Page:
Wednesday, 29 March 2017

Living the dream as the real-life 'tin man', Scleroderma and Raynauds style

I am The Real Life Tin Man

For today’s article and to tie in with Autoimmune Disease Awareness Month of March, I am going to focus on the overlap symptom of Musculoskeletal involvement. This symptom of stiff, inflamed, painful joints and muscles can be seen across a range of the autoimmune diseases, with arthritis being the most prevalent and commonly known, and diffuse scleroderma mimicking it. Along with Fatigue adding to the mix.

My diffuse scleroderma diagnosis has quite literally turned my body into me being the ‘real life tin man’. 

I experience continual muscle and joint stiffness which increases in severity if I expect too much of my body or push my body to do too many tasks in one day.  Similar to the joint swelling seen in rheumatoid arthritis, all of my joints are painful, stiff and swollen, with analgesic / steroid medication providing marginal, borderline relief. 

I will start my day by bathing with liquid paraffin to ease my skin symptoms, which, after 19 years since diagnosis, my skin is cured from scleroderma.
Bathing provides a circulatory boost which settles my Raynauds symptoms and also provides some easing of the continual musculoskeletal pain. Sadly, I am no longer able to jump in and out of the bath, similar to Daisy from the 1970s TV programme ‘Dukes of Hazard’ jumping in and out of her car.

Since my diffuse scleroderma diagnosis in 1997, I can not remember a day whereby I have been pain free. Living in constant chronic pain is a mission within itself, without the added extra scleroderma symptom specialities (GI, ulcers, calcinosis etc) sprinkled into the mix. I focussed on several of the current unmet clinical needs here.

I have to be super organised with planning my time in relation to managing this highly demanding ‘tin man’ like symptom. Medical appointments clearly take priority in my diary, and should a trip to see one of the world’s leading scleroderma experts, Prof Chris Denton, at the Royal Free Hospital in London be due, weeks of advance preparation will have been started. 

As well as, I know that for the 10 days following a ‘BIG’ day out, I will be unable to function even less than usual, with an elevated level of pain and tiredness which words can not justify. I detailed more of my time management style here.
Since coming out of the scleroderma closet to the world in 2013, to raise awareness of this rare, extremely challenging disease, I have made several headlines including: 

To read the full article click here 

To read the full article click here

To read the full article click here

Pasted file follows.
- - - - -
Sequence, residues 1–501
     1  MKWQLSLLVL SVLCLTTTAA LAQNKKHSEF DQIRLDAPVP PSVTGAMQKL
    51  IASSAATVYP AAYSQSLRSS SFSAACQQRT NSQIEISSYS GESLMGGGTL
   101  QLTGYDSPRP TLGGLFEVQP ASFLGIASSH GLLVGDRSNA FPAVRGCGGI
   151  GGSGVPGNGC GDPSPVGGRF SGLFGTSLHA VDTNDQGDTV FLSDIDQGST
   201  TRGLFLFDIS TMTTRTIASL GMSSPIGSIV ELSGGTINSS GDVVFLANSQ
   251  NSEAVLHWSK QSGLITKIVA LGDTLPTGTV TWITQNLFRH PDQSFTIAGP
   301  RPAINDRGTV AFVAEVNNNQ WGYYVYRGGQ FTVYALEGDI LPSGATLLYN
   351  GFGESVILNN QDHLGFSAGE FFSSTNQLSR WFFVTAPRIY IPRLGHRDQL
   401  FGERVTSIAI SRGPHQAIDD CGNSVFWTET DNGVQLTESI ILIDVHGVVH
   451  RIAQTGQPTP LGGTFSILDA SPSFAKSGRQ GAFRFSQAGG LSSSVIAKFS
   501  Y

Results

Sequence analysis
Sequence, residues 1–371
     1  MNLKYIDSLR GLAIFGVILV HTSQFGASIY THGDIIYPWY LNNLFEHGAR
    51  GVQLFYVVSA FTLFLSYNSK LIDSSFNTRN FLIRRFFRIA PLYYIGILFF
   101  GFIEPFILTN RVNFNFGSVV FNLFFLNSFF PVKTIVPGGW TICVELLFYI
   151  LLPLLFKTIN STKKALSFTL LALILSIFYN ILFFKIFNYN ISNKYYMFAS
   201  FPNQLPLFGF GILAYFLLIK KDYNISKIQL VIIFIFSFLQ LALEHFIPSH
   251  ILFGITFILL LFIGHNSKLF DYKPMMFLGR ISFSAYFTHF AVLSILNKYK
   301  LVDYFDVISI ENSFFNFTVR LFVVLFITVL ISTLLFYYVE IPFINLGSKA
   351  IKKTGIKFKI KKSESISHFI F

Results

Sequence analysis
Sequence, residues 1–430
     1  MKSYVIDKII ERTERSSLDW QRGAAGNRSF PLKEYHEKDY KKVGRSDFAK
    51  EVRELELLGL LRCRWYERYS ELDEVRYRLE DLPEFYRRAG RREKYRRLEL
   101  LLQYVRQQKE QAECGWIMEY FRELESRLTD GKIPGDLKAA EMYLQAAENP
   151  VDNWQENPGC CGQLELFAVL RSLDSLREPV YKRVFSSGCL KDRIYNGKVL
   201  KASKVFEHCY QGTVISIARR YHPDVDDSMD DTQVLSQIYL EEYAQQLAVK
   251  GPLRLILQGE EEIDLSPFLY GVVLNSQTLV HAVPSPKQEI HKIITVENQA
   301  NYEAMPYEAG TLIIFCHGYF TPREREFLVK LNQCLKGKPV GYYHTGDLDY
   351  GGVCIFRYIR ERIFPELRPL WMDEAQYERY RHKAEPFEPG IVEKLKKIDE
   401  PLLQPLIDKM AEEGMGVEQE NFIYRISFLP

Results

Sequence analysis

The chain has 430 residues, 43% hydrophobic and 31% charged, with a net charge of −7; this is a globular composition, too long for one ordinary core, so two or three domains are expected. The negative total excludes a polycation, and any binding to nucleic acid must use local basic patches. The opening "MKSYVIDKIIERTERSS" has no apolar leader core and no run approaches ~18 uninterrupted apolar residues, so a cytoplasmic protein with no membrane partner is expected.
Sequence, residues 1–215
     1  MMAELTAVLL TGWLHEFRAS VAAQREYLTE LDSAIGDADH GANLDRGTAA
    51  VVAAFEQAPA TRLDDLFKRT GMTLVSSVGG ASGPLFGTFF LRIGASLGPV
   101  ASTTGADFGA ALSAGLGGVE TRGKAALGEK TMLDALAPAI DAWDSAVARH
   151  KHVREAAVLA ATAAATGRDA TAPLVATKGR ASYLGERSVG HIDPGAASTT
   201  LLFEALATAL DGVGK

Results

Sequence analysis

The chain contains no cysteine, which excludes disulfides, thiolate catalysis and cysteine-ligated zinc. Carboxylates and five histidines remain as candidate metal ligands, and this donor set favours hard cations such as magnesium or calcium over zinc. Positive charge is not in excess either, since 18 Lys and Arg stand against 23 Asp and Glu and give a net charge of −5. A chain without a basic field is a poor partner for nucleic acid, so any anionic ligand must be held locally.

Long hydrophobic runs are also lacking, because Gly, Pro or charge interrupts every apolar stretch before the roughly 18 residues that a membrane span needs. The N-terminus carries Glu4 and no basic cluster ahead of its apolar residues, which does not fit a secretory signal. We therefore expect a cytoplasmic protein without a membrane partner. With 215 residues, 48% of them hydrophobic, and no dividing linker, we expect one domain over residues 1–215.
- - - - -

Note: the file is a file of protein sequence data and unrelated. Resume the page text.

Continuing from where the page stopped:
To read the full article click here

Although headline grabbing, this symptom of Scleroderma is most debilitating and still remains clinically inadequately managed in terms of quality of life for patient management. It certainly does feel as though my body has been ‘wrapped in barbed wire and then dipped in concrete’ as by the Daily Mail headline of last year for June Scleroderma Awareness Month.
Having been a regular gym frequenter, up to, and during the first few years of my diffuse scleroderma diagnosis, sadly, this activity is now a long distant memory of the last 18 years. The most basic of tasks such as getting dressed, on some days, can feel similar to a Mount Everest expedition, with the energy of a cardboard cut-out having been left out in the rain overnight.

It is now nearly 12 months since I purchased an electric scooter which I use for dog walking. I wrote about this here.
Over the years I have attended several physiotherapy sessions with little gain and lots of pain, and sheer exhaustion from trying. However, it still remains a personal goal of mine, to return to the gym, one day. In the meantime, I am working on my sofa surfing skills, allowing my tin man body to rest and heal- reminding myself that, my job for today is to simply ‘get better’. 

I discussed more of the autoimmune rare disease similarities here.
Our next big awareness date as a global community is June for Scleroderma Awareness Month, and of course, June 29th is World Scleroderma Day

Living the dream, scleroderma style.

Please make a donation to my Just Giving page where 100% of your donation will fund medical research led by Prof Chris Denton at the Royal Free Hospital in London, to whom I am forever grateful to for making sure that I have far exceeded my initial prognosis estimate
#SclerodermaFreeWorld #RaynaudsFreeWorld

No comments:

Post a Comment